The Definition of Delicious | Dining & Bar Guide | Salt Lake City Weekly

The Definition of Delicious 

An A-to-Z local-dining dictionary of fanciful techniques and ingredients

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Cookbooks, food writing and restaurant menus are filled with culinary terms that may or may not be familiar to the reader. Many come from the French, since many cooking techniques and methods can be traced back to France. How often have you come across the term verjus on a menu and wondered if it’s something you’ll love or something you should skip? This brief culinary dictionary should help.

Al dente: In Italian, it means “to the tooth” and refers usually to pasta—but also to rice and sometimes veggies—cooked to a firm state, but not crunchy, so that there’s a little resistance when bitten into. The pasta at Fresco Italian Cafe (1513 S. 500 East, Salt Lake City, 801-486-1300, is always perfectly cooked.

Brine: A method of tenderizing meat, seafood, poultry and such via a saltwater (and sometimes sugar) soak to help foods retain moisture. I highly recommend overnight brining for holiday turkeys. At Papa O’s in Draper (11483 S. State, 801-619-3503), they brine the chicken pieces before frying them.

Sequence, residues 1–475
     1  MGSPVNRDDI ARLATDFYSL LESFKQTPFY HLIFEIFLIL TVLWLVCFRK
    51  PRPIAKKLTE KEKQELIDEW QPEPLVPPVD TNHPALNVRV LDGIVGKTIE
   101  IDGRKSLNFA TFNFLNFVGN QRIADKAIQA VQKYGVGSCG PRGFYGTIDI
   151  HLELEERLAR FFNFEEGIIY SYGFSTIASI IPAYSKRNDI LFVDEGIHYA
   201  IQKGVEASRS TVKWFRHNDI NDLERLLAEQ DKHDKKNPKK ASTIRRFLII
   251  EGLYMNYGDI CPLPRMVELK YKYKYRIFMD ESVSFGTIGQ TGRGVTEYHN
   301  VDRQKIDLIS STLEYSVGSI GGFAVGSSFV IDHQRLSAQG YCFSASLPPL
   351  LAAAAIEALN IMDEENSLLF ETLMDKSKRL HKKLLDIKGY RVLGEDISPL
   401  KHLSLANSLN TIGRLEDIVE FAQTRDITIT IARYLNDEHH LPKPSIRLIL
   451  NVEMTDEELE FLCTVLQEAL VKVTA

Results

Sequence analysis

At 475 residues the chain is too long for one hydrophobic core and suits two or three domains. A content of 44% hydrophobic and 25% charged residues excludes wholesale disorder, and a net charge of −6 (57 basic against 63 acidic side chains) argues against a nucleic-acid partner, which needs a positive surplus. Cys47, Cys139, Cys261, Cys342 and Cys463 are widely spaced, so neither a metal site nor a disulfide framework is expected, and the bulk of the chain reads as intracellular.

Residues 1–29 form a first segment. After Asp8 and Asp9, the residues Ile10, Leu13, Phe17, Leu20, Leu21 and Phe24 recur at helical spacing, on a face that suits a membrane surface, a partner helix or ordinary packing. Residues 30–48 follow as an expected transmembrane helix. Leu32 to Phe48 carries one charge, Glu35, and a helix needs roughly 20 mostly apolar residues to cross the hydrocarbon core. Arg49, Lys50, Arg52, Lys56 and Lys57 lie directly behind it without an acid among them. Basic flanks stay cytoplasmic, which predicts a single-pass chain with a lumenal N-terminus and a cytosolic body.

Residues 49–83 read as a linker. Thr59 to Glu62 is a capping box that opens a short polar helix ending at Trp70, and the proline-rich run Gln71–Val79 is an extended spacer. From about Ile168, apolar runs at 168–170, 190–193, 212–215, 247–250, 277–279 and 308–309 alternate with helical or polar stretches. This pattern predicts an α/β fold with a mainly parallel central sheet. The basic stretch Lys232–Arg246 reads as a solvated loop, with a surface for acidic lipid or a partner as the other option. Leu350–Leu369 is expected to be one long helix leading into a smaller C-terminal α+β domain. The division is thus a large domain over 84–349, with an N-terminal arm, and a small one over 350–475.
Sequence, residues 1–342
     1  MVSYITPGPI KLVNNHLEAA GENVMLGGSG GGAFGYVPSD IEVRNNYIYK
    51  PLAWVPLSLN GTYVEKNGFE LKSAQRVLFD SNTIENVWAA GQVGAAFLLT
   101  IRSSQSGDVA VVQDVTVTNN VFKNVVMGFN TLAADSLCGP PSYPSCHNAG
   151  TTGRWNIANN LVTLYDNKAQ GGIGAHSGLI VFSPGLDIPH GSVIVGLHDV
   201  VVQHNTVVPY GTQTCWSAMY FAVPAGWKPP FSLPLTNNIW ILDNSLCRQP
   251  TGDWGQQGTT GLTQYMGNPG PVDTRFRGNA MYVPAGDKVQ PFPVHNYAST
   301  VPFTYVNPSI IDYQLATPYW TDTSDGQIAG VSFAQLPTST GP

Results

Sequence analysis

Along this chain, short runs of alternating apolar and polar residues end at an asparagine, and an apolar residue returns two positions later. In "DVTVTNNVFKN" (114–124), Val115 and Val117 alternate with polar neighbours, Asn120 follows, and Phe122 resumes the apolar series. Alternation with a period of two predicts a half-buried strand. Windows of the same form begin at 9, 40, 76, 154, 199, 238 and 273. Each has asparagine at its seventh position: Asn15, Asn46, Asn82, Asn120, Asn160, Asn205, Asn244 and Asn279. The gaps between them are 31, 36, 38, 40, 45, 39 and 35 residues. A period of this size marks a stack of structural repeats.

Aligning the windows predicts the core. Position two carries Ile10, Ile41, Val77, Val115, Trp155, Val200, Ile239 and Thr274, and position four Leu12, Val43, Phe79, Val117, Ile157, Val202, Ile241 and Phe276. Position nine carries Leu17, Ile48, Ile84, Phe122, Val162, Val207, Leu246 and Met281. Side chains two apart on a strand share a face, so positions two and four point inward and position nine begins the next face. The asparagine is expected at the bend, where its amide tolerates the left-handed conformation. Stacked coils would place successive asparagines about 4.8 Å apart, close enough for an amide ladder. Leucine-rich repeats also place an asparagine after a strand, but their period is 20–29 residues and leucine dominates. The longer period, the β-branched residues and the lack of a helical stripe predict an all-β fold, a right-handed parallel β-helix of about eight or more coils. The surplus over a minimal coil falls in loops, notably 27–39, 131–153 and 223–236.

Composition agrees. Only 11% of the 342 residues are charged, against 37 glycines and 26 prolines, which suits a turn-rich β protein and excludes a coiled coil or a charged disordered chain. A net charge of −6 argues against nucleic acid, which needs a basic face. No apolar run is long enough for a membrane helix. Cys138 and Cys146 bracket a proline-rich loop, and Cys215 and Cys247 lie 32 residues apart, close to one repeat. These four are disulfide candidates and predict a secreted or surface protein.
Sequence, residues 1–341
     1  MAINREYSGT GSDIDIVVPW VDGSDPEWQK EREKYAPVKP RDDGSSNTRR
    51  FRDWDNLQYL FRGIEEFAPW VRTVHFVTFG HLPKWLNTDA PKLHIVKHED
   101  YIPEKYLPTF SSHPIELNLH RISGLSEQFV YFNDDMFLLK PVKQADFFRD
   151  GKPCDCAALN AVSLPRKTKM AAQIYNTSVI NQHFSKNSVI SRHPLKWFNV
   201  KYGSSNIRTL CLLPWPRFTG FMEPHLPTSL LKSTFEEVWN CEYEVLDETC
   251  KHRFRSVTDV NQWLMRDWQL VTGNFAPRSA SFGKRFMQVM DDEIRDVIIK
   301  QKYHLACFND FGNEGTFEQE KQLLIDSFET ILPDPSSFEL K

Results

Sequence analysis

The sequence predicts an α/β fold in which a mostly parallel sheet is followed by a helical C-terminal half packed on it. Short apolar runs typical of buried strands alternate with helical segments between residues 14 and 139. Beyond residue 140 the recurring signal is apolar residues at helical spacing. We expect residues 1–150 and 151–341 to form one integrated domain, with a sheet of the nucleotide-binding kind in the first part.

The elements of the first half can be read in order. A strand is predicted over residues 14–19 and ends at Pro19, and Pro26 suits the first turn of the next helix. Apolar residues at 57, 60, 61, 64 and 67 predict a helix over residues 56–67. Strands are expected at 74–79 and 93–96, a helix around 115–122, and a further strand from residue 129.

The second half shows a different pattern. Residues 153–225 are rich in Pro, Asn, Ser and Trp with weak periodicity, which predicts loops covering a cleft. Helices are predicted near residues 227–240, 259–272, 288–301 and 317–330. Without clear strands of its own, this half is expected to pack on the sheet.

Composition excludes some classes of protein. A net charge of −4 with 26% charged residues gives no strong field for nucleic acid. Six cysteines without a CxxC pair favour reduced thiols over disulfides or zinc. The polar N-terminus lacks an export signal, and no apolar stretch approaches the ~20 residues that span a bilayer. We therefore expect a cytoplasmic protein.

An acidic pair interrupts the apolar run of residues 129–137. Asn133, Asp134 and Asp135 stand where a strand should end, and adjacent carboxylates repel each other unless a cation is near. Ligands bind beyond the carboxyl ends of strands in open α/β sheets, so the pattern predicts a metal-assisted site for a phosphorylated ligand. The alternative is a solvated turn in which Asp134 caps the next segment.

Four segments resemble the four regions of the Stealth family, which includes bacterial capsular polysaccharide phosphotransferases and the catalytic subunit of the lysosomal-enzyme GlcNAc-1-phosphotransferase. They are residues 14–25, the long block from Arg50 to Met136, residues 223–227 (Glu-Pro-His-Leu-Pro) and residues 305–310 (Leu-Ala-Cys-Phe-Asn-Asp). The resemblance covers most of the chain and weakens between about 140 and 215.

Carpaccio: Usually refers to super thin (almost see-through) slices of raw beef, typically served with olive oil, salt and pepper, but can also mean thin slices of anything—seafood, veggies, etc. The beef carpaccio at Vivace (308 W. Broadway, Salt Lake City, 801-328-3466, is excellent.


Duxelle: Minced mushrooms and shallots cooked in butter and wine (sometimes Madeira), typically used as a stuffing or filling for things like omelets. The Pleasant Creek Ranch beef at Pago (878 S. 900 East, Salt Lake City, 801-532-0777, comes with delicious duxelles.


En Papillote/En Croute: En papillote is a French cooking method where food is cooked in a paper bag; en croute is food baked in pastry crust or bread. Tin Angel Cafe (365 W. 400 South, Salt Lake City, 801-328-4155, does a tasty cheese en croute with fresh Asiago.


Fond: This is the yummy bits of concentrated food that stay in the pan after sauteing meats and poultry. Cooks typically deglaze the pan to scrape up the fond that flavors gravy and sauces. It’s fond that helps makes the braciola at Ghidotti’s (6030 Market St., Park City, 435-658-0669, so damned delicious.

Ghee: Clarified butter used for cooking in South Asia, particularly Indian, Pakistani, Bangladeshi, Nepali and Iranian cuisines. You can find ghee at Whole Foods, Eastern Groceries and House of Spices, to name a few.